The ACT may seem like the many-headed Hydra: you have so many different sections to tackle, and once you finally get through one section, the next one is coming right up! You might feel like you’re flailing about with a sword, just hoping to knock out some questions. But, with a little practice, you’ll be able to take out the ACT with Herculean style. Since English is the very first section on the ACT, let’s get started with an ACT English quiz!
The English Test on the ACT will always include 5 different passages, with grammar and style questions underlined throughout. The passage here is an excerpt from the Encyclopedia of Food and Culture.
- “Women and Food” by Alice Ross
Throughout, the Middle Ages and the Renaissance, gender divisions increasingly reinforced by a growing system of secular and religious laws. Upper-and middle-class women remained relatively powerless at home under the rule and protection of male relatives and had no possibility of developing their own careers. There were, as always, a different set of culinary standards for male cooks: who sometimes achieved the prestigious positions denied to women. Women who cooked in the urban marketplace still worked at lower-status work and filled a variety of positions, depending on fortune or skill. At one end of the gamut, they may have been hired as cooks in modest homes, and at the other as scullery maids. Like men, they also worked in taverns or as street vendors, perhaps as the ubiquitous and fanciful “Gingerbread Women” who sold spicy goodies at local fairs and festivals.
Line 1: “Throughout,”
a. NO CHANGE
Lines 1: “increasingly reinforced”
a. NO CHANGE
b. were increasing reinforced
c. were reinforcing
d. were increasingly reinforced
Line 5: “male cooks: who sometimes”
a. NO CHANGE
b. male cooks, who sometimes
c. male cooks. Who sometimes
d. male cooks; who sometimes
Which of the following alternatives to “modest” (line 8) would be LEAST acceptable?
The author is considering deleting the underlined phrase in lines 9-10 (“perhaps…festivals”). Should the phrase be kept or deleted?
a. Kept, because it summarizes the role of women described throughout the passage
b. Kept, because provides an example of a job women might have worked as vendors
c. Deleted, because the big words and formal tone do not fit the rest of the passage
d. Deleted, because festivals and fairs are irrelevant to the rest of the passage
Question 1 Explanation
The ACT loves to ask questions about introductory words and phrases, and other transitions. Make sure to study up on transition words like these! We can automatically eliminate Options A and D, which include commas, because the entire introductory phrase ends with Renaissance, not the first word of the sentence. We can also eliminate Option C, which indicates a contrast, rather than the period of time we want to indicate in the opening sentence, leaving us with Option B.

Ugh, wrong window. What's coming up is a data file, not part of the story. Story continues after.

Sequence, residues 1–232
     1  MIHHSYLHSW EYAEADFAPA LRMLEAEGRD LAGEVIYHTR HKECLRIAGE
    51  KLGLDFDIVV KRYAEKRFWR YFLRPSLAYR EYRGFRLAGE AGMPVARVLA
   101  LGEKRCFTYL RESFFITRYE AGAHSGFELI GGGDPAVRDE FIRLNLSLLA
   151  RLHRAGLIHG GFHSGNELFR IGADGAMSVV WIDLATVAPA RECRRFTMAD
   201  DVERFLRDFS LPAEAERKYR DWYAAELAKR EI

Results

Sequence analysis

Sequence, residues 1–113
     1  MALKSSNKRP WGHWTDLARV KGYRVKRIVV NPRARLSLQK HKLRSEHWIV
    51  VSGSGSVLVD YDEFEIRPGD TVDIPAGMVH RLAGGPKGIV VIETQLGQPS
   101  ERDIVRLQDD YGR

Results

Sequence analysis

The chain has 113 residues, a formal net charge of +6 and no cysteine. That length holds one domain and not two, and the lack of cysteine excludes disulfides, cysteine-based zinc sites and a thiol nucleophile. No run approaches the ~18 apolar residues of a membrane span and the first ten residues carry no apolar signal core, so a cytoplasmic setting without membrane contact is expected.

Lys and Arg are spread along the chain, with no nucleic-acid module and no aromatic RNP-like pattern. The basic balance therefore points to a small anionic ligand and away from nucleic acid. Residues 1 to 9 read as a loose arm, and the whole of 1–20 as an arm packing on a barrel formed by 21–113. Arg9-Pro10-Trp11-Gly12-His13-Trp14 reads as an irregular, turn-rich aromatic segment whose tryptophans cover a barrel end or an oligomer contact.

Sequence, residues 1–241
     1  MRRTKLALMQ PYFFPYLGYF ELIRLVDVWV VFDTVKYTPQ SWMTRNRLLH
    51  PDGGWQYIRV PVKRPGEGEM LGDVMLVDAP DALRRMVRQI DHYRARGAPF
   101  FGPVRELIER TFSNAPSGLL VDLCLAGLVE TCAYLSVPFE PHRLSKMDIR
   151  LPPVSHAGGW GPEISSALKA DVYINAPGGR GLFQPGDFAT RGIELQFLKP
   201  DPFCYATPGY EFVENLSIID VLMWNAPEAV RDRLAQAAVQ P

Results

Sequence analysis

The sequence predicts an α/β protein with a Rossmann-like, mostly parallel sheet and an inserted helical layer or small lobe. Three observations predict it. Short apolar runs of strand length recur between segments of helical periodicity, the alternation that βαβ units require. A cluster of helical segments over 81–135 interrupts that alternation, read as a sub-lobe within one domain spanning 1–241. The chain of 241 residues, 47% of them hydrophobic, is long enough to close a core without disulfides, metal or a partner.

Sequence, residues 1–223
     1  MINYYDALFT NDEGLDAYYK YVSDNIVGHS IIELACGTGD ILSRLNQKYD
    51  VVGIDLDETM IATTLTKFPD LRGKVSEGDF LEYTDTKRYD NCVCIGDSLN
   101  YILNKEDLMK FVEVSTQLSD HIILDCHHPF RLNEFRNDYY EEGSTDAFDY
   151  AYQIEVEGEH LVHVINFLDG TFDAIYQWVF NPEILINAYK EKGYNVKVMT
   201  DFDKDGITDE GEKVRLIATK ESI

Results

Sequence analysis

Question 2 Explanation
Matching verbs to the appropriate subject and tense pops up frequently on the SAT. In this question, we first need to recognize that gender divisions aren’t doing the reinforcing…they are being reinforced. So, we can eliminate Option A and C. Next, we can eliminate Option B because increasing, which is describing the verb reinforced, is an adverb ending in -ly. That leaves us with Option D.
Question 3 Explanation
Get cozy with commas and colons! In this punctuation question, remember that a semicolon and a period both separate independent clauses, eliminating Options C and D. Option A is incorrect because a colon introduces a list or another idea, while the rest of this sentence is actually modifying the male cooks, leaving us with the omma in Option B.
Question 4 Explanation
While any of these words might be synonyms for modest, remember the context of the passage. Someone’s home might be average, simple, or even humble, but cannot be moral (Option C), which describes a person or their actions.
Question 5 Explanation
We know that fairs and festivals are not the only jobs women perform, so it is not a summary of the role of women, eliminating Option A. However, because those fairs and festivals are directly linked to a discussion of food and women, mention of fairs and festivals is not irrelevant, eliminating Option D. If you are still unsure whether you want to keep or delete the section, you can look to the reasons to help make your decision. Between Options B & C, B provides a more accurate explanation. The word ubiquitous is big, but the tone isn’t actually very formal. Working at a festival is, however, a specific example of a street vendor job.
And with a final swish of the sword, you’ve taken on the Hydra! Keep practicing with other great Magoosh quizzes to slay the monster and ace your ACT.
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About Emily Faison
An avid reader and art enthusiast, Emily has degrees in English from Florida State University and Southeastern University. When she's not editing web content for a local magazine, you’ll probably find her catching up on her Netflix queue or reading a novel with a fresh cup of coffee at a local cafe.
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